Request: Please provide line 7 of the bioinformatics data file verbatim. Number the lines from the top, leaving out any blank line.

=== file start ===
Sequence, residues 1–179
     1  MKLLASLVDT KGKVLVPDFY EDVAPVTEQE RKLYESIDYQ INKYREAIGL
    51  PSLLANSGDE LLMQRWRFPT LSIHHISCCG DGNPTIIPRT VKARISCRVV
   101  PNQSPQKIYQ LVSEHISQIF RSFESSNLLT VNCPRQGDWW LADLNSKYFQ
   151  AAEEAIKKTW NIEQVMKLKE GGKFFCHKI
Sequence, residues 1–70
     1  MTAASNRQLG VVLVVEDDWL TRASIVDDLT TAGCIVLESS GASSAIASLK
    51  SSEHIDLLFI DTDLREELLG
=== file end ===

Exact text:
     1  MTAASNRQLG VVLVVEDDWL TRASIVDDLT TAGCIVLESS GASSAIASLK